I suppose I must preface this letter by saying it will be my last. As much a gesture as it is for you, it is more so, I believe, one for me. Just yesterday I, once again, found the stack of letters I wrote to you over these many years. Letters written. Letters never sent. I desparately wish that you could have read them. If only to realize that your son wants to know you, he wants you to know him, all the while also wanting to forget you. I think that’s why I wrote quite infrequently. It’s striking to me that I often turned to you, or rather my configured memory of you, at the times when I most struggled internally. You passed some of your identity onto me when I was born and I think that’s what I was trying to find. Answers in the form of the person you were that was, and still is, part of me. You were my formless, faceless memory that I could hold on tightly to when I so badly needed someone who would only listen.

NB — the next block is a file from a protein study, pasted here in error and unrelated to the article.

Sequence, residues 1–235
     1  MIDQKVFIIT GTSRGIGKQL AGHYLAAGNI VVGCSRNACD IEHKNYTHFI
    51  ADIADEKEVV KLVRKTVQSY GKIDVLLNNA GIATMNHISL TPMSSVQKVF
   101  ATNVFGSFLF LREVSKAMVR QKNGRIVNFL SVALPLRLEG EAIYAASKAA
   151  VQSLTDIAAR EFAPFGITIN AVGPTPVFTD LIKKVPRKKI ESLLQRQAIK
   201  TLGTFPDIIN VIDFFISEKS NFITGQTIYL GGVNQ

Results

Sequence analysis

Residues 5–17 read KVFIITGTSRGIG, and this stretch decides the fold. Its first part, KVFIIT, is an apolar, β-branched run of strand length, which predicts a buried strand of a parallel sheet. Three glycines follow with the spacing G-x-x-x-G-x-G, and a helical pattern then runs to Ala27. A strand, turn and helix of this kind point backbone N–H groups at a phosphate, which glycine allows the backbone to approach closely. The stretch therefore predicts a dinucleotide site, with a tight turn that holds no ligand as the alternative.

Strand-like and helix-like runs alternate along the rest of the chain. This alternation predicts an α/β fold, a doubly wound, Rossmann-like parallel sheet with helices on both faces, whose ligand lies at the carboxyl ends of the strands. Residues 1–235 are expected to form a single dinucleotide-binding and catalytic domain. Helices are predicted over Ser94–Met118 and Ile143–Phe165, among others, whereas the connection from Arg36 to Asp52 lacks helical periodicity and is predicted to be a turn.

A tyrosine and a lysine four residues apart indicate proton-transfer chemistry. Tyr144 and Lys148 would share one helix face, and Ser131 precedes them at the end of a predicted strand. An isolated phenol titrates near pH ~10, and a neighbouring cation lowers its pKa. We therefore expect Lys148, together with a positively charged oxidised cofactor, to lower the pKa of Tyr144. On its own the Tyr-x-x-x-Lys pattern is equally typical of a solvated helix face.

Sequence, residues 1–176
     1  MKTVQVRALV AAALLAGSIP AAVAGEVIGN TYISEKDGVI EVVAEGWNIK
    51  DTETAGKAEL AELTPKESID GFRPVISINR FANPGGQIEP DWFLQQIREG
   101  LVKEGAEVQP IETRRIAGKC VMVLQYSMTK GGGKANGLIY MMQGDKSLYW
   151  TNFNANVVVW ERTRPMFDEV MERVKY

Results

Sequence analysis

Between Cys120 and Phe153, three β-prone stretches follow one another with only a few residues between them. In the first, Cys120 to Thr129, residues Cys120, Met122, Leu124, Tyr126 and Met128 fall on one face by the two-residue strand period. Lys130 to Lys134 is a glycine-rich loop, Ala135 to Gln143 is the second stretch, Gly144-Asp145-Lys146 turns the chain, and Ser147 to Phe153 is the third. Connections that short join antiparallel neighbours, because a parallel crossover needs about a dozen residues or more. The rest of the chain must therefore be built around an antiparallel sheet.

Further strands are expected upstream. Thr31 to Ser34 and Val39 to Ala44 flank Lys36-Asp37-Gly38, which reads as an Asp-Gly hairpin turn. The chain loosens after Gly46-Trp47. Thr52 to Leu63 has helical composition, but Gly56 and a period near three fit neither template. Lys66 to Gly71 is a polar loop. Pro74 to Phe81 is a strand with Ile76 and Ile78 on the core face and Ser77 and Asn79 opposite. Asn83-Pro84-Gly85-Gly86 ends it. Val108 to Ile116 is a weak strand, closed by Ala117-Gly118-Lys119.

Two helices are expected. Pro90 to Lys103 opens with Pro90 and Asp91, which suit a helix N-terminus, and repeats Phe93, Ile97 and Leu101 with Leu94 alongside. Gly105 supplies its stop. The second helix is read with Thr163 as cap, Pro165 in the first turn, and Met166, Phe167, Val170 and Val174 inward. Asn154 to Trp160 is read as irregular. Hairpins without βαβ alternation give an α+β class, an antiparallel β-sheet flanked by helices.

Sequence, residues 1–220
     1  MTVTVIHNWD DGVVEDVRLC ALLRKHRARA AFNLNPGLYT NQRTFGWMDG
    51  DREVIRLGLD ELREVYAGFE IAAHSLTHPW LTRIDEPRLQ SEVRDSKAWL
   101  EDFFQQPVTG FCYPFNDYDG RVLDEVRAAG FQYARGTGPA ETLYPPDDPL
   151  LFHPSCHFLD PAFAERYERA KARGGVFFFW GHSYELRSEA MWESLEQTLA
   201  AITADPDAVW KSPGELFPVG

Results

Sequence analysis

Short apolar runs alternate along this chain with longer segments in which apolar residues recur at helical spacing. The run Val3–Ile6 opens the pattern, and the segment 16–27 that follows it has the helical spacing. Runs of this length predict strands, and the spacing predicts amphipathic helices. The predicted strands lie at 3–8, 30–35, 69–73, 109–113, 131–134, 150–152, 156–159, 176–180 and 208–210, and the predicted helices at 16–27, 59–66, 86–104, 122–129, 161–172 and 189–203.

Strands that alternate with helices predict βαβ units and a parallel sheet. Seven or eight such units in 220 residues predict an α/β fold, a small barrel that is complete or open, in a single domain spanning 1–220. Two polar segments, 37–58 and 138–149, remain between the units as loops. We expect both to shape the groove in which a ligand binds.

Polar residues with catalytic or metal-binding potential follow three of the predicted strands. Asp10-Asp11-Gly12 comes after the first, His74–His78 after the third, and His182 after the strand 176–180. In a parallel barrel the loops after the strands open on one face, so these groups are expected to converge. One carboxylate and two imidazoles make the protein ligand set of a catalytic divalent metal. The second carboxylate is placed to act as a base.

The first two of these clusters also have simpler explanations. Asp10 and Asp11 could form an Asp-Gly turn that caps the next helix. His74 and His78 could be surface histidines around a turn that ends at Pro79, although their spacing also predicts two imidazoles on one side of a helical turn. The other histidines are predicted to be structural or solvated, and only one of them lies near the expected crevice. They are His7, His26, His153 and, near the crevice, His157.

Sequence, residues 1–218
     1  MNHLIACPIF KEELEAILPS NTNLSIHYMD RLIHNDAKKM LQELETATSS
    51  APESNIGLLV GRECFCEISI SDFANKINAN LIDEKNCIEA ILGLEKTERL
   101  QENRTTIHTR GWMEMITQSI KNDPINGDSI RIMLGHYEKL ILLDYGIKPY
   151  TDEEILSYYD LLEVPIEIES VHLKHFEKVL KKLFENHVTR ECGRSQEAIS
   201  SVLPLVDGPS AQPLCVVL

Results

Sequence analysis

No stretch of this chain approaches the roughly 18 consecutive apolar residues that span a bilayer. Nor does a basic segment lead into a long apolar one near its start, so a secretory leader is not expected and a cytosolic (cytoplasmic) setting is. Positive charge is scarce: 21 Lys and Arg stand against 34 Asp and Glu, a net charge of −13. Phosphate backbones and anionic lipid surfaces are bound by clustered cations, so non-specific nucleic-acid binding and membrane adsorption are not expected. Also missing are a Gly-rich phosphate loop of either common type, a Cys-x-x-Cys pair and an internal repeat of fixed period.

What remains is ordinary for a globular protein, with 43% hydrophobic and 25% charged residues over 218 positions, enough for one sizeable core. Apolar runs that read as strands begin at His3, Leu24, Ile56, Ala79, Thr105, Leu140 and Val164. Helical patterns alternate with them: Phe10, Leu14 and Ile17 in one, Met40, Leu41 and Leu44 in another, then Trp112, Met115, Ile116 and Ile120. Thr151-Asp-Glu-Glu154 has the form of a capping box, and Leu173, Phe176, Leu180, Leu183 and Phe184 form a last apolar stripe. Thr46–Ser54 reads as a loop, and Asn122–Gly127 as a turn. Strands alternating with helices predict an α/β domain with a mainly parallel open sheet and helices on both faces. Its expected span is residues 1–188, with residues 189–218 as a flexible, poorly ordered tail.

Rereading the self that I was ten, fifteen, twenty, thirty, forty years ago is odd. It’s like gazing into water that’s just been displaced by a pebble—a recognizable face stares back at you, but it’s muddled. Eyes become ripples extending over the surface, merging into one another in refracting greens and blues. Ears pick up on water’s furrows speaking voices of the past. My complexion becomes soft, as it was on the verge of adulthood; liquid lines distinct from the sharp contours that age has worn into my face.